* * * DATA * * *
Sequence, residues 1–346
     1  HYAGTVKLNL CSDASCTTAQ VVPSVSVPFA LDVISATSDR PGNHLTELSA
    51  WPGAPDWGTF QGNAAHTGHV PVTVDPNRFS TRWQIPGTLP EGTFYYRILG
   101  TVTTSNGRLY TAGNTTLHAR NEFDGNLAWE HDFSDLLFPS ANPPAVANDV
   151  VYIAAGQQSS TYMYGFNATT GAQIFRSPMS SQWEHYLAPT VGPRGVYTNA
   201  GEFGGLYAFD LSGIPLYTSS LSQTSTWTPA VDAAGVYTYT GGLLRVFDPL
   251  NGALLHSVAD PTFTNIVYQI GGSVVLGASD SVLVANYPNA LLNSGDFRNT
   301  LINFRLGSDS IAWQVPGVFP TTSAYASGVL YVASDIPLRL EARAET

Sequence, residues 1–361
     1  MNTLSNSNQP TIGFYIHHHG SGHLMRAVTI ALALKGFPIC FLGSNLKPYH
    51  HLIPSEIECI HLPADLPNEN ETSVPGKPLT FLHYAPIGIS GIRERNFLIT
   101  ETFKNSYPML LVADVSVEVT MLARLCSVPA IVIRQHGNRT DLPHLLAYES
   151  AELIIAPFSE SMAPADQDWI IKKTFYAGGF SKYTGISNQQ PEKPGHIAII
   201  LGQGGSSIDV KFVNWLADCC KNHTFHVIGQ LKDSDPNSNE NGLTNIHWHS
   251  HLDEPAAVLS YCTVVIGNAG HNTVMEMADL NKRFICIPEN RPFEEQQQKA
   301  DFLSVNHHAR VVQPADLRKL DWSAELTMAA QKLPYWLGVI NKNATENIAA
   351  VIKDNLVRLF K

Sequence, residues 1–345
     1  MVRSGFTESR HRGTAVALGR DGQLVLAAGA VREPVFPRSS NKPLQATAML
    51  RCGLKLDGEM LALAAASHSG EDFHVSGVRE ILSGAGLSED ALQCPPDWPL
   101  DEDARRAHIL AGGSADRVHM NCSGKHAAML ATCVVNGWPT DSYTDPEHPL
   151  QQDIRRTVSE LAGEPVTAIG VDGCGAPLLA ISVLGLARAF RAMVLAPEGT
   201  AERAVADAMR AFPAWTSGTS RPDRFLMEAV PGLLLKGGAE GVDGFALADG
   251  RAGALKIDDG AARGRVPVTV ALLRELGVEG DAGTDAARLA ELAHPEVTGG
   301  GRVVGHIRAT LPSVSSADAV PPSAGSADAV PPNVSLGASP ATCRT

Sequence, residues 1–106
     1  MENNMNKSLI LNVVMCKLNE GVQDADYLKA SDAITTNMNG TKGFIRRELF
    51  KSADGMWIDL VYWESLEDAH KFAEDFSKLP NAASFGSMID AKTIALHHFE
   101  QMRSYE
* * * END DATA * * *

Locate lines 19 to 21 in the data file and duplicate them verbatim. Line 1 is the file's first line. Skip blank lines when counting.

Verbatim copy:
     1  MVRSGFTESR HRGTAVALGR DGQLVLAAGA VREPVFPRSS NKPLQATAML
    51  RCGLKLDGEM LALAAASHSG EDFHVSGVRE ILSGAGLSED ALQCPPDWPL
   101  DEDARRAHIL AGGSADRVHM NCSGKHAAML ATCVVNGWPT DSYTDPEHPL